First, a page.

Tuesday, 17 January 2017

5 Things I’d do differently if I were starting out as a translator again today

If I were starting out as a translator again today, I would…

1) …not give my work email address to family members or friends.

Nowadays I receive only critical, strictly work-related email during the day. But believe me: achieving this clear-cut separation between work and personal email has taken me a very long time. Ruthless email management has become vital to helping me focus properly on work projects and minimise email distraction.

2) … not ignore all the fantastic features that translation software offers.

I bought Trados back in 2007 and as a translation newbie I would invest in translation software straight away again. However, I would not stop at just grasping its basic features, but endeavour to learn about every single aspect so as to benefit more from access to terminology, automation, and efficiency. As I am about to switch (from an outdated version) to the latest MemoQ release, this is something at the top of my to-do list!

3) …not accept translations that I feel uncomfortable with.

For newcomers to the profession it is natural to also take on projects they’re not completely familiar with. It is, after all, a way of putting out your feelers and assessing which subject areas are up your street and which aren’t. Speaking for myself, though, I would not accept any texts if it were crystal-clear beforehand that I was not happy with the subject, or just because somebody was desperate to place a project.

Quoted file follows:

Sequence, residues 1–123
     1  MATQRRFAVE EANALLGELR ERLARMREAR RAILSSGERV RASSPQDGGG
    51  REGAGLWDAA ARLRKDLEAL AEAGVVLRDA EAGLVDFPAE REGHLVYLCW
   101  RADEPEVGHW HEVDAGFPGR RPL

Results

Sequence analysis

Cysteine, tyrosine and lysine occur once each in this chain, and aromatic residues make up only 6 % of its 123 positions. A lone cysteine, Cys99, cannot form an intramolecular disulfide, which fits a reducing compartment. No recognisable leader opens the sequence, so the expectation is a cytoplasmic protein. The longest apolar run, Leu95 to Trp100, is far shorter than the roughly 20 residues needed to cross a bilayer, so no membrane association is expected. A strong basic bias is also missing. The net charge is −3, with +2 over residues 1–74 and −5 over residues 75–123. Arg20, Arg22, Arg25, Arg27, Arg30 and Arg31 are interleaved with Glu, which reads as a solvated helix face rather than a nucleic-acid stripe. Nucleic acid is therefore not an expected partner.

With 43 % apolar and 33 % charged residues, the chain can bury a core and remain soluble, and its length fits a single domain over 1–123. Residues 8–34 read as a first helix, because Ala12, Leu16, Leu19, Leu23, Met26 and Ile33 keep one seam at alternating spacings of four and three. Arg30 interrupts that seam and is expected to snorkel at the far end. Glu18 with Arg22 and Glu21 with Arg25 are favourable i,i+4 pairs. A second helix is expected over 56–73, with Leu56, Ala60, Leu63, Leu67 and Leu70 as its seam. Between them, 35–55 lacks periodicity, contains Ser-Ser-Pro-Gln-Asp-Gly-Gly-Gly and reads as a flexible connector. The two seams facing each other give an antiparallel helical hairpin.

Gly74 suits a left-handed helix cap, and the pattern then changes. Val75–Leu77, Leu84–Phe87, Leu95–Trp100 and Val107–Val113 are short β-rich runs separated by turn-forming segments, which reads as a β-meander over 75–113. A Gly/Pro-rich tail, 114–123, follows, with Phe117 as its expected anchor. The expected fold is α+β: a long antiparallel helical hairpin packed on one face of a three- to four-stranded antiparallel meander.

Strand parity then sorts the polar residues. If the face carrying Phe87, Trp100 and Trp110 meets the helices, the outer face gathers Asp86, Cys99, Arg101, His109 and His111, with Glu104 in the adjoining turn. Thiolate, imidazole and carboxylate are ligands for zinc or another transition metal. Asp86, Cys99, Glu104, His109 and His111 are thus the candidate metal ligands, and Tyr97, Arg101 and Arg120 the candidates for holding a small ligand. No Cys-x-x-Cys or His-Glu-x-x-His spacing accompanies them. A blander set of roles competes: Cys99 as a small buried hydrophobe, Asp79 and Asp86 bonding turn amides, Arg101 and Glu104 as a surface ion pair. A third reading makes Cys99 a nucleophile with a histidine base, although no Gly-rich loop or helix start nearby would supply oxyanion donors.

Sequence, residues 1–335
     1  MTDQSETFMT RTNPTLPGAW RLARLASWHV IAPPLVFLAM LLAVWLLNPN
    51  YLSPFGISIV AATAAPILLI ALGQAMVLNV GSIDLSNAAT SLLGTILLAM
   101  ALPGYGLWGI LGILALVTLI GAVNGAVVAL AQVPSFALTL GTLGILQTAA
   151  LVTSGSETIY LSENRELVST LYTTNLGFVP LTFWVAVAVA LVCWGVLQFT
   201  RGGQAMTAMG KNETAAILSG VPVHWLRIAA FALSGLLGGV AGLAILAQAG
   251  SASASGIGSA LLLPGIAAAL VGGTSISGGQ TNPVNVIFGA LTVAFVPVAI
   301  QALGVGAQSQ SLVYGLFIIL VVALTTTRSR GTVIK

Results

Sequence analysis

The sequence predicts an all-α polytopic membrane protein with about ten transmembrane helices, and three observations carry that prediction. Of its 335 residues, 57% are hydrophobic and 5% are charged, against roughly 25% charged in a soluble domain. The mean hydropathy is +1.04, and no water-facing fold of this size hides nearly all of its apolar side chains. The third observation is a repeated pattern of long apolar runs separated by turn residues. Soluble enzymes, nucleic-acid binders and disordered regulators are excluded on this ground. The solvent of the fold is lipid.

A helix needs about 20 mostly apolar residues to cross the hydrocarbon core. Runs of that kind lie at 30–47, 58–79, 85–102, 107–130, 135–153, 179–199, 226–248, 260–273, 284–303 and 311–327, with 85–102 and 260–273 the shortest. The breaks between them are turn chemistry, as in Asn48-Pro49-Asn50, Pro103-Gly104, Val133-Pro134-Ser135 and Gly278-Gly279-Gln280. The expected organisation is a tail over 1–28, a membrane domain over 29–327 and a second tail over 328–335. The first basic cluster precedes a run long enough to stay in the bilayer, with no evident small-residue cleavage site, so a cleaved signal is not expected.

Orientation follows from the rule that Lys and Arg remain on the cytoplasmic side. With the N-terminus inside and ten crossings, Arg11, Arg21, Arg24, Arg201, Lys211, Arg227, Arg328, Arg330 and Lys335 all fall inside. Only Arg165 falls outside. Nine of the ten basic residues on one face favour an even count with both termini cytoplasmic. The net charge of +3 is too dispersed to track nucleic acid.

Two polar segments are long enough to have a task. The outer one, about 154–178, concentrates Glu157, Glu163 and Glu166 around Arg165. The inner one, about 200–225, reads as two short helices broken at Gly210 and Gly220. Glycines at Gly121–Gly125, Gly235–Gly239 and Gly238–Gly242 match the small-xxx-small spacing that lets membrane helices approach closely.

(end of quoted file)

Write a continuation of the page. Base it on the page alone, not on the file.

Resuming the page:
We should consciously enjoy work-free time!

4) …not worry during slack periods, but enjoy time off!

I have been a translator for 10 years, so slack periods with no assignments in my order book have long been a thing of the past. Clearly, marketing is very important. However, if I were a fledgling translator again, I would not engage in marketing as frantically as I used to during slack periods. Nor would I worry about whether new projects would be landing on my desk again soon. Instead, I would consciously enjoy work-free time!

5) …not start a translation blog.

Don’t get me wrong, I enjoy reading other translators’ blogs because I can learn so much from them and because they always tend to be very well-written! Also, I derive a lot of personal satisfaction from blogging myself. However, I’ve come round to the belief that maintaining a blog on translation-related issues isn’t essential to building a successful translation business. There are other, less time-consuming (more minimal!) ways to achieve this.

Given my blog theme, it is hardly surprising that the thinking behind this post is based largely on minimalist aims: the minimisation of screen time; less time spent on tasks; as well as more efficiency and joy!